Consistency & the Law of Averages


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I have been getting a great deal of push back over investment strategies, over what the best way and how to invest money is. While I dont claim to know any ins and outs of buying the dips or worse betting against companies, nor do I have success at buying on the cheap and selling high as a day trader. I just don’t have that skill. Although at times I wish I did.

The arguments are stemming from building and making wealth. How to do it and the reasons for the differences. The best answer I can give stems from the law of averages. Your average Joe/Jane may understand the concepts of buying low and selling high, but doing it, are two very different things. Your average Joe/Jane may read the how to day trade dummy books, and likely are not any better for it. Your average Joe/Jane will lose more times then they gain, often depleting any gains or even possibly placing them in the red. Your average Joe/Jane may buy “classes” or buy into millionaire traders groups and likely just end up with what is known as a stupid tax. Honestly, if people were making millions upon millions, do you really believe they would be ‘teaching’ people!?  You will never get something for nothing. But let’s say you are more than capable, to choose the best stocks that are going to be long term performers. In a wealth article written this year by  Nick Maggiulli if you were able to buy the best lows of all time, you still would only have a 30% chance of beating the consistent average investor. He also goes on to show that if you miss the lowest of the lows by as little as two months, only two months; your 30% chance drops to just 3%.

Let’s take this on a different perspective. Let’s say, that you get a small windfall of $10,000 and lets just assume an average return of the market at 10% (buy S&P Index) and let’s assume your 20 years old. You place it into a retirement account until you reach 65 years of age. You will have $876,240. Not a bad return. Of course, it is a long period of time which is what makes the difference with compounding. Now the average 20 year old won’t put away $10,000. That money is going to burn a hole in their pocket faster than a bad burrito shoots from your colon. But hey, this is just an example.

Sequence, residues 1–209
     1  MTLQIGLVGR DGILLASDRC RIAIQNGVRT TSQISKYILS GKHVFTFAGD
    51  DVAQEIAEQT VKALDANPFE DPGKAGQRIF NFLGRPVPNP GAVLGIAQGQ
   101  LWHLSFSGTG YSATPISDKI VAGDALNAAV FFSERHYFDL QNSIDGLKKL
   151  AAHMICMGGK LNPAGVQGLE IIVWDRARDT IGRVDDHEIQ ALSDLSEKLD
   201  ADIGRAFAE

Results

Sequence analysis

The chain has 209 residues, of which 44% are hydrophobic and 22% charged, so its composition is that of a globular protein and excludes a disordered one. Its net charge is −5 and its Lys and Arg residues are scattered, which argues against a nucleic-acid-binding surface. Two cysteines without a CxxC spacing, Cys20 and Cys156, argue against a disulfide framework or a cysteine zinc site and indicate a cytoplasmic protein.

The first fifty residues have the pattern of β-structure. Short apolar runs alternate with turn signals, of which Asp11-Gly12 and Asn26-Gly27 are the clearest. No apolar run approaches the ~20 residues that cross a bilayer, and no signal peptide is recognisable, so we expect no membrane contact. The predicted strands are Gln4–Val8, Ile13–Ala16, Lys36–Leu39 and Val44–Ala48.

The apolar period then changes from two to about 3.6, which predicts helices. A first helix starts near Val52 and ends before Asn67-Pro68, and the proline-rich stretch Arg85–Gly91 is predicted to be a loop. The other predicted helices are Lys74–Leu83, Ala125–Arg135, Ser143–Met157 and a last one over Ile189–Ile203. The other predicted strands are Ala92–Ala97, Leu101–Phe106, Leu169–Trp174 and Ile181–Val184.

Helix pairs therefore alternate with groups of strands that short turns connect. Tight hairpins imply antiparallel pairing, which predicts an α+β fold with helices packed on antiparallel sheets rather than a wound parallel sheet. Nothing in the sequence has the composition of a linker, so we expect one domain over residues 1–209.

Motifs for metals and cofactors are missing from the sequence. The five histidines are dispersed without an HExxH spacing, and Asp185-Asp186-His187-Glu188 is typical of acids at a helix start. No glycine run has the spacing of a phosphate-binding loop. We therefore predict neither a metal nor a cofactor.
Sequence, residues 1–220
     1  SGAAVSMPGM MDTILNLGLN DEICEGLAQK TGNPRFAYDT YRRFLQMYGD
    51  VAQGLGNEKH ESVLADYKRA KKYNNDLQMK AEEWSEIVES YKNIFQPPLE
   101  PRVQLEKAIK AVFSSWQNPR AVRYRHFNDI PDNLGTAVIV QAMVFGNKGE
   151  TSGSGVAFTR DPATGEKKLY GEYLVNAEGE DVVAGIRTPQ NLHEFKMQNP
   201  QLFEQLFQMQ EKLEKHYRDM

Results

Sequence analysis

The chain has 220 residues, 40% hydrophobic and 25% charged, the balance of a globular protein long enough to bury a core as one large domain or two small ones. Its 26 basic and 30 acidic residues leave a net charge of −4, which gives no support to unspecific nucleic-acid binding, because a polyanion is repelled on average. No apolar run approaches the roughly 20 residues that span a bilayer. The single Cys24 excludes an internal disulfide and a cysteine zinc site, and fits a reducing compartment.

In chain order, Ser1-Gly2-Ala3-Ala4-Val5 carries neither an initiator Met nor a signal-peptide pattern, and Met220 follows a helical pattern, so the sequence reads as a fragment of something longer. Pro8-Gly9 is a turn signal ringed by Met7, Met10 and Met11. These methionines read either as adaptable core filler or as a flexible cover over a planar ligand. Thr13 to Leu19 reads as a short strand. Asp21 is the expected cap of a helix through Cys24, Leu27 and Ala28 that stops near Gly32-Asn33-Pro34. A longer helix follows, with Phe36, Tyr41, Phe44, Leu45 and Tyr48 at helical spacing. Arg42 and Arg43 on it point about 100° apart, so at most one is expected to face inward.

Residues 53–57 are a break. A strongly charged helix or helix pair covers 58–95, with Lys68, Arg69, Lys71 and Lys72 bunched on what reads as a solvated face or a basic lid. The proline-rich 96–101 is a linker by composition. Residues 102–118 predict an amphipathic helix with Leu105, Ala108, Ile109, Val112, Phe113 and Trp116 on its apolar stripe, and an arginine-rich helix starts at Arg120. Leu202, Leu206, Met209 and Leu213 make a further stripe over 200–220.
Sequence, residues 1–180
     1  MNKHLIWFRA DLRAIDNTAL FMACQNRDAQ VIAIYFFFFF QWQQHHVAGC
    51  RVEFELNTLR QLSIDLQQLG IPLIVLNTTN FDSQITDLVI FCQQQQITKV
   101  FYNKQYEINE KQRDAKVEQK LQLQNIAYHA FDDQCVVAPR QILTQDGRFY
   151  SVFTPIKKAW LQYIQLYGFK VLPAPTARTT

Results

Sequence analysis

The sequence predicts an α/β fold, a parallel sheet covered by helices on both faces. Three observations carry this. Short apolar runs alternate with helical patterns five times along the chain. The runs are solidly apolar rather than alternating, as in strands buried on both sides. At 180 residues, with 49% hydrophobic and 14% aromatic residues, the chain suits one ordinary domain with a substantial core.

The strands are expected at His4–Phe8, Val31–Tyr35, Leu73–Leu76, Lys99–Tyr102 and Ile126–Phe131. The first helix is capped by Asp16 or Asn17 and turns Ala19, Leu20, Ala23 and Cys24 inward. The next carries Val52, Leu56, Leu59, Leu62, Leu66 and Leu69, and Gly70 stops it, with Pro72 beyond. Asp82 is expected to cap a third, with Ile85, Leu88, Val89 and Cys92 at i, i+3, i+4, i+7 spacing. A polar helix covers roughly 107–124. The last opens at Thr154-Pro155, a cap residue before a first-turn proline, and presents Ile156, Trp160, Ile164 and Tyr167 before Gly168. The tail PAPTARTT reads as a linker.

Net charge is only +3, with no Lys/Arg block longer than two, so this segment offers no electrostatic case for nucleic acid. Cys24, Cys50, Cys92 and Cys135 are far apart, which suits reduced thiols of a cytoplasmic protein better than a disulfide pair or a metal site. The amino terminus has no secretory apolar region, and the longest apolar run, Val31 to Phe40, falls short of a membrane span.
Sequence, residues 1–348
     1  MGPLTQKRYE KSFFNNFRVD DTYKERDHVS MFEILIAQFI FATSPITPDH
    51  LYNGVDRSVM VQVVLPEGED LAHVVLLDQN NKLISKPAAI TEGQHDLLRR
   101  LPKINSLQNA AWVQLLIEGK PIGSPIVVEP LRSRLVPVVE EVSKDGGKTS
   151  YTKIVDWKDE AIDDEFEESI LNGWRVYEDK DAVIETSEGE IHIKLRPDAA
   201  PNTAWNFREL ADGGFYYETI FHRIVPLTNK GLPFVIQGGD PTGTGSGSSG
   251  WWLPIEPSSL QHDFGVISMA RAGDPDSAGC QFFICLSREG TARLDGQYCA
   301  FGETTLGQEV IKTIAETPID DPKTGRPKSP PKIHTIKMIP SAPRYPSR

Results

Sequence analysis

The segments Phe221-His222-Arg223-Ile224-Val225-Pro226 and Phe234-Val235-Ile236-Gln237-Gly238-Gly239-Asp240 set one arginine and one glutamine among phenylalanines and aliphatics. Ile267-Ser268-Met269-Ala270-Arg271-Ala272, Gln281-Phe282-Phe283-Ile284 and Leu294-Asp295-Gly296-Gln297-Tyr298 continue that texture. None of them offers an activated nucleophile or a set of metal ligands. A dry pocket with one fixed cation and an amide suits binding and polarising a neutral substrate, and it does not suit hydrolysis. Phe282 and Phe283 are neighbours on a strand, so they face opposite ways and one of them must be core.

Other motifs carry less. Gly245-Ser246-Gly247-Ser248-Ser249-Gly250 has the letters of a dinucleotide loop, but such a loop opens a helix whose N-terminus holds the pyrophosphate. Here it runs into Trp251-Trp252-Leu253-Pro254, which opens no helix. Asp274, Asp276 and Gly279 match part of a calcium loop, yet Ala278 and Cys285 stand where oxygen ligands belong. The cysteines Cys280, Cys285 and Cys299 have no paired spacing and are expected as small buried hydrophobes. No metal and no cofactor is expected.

Now, what if we looked at a consistent investor, who buys in all markets, up or down, doesn’t matter. The highs the lows and keeps putting their investment into the index fund. Let’s say from age 20 to age 65 as our example before. And they only put in $100 per month. That it. That’s a cup of coffee per day at Starbucks. Based on the same 10% average return, the Joe/Jane would have ended up with $1,048,150. ?yes they would have invest more of their own money over a very long period of time, however, their chances of a better return more than doubled during the down years whereas if the first investor gambled on only a few stocks could have lost a great deal of money.

Don’t get me wrong, investing from a lump sum is a great way to leave a legacy for children and grandchildren. See our earlier post on leaving a legacy. But for the average Joe/Jane, it’s better to start early and contribute small amounts over a long span of time.  Build wealth consistently over a long period of time is far more advantageous than gambling with stock picks. Even those that say they know, have no clue.


One thought on “Consistency & the Law of Averages”

  1. I’ve had one or two goes at trying to trade one asset for another, but just found it too stressful. As the old saying goes, the market can stay irrational longer than you can stay solvent. Thus, I simply stick to consistent contributions and count on compounding to magnify the gains over many years. A decade later, I have financial freedom! Consistency is my personal superpower 🙂


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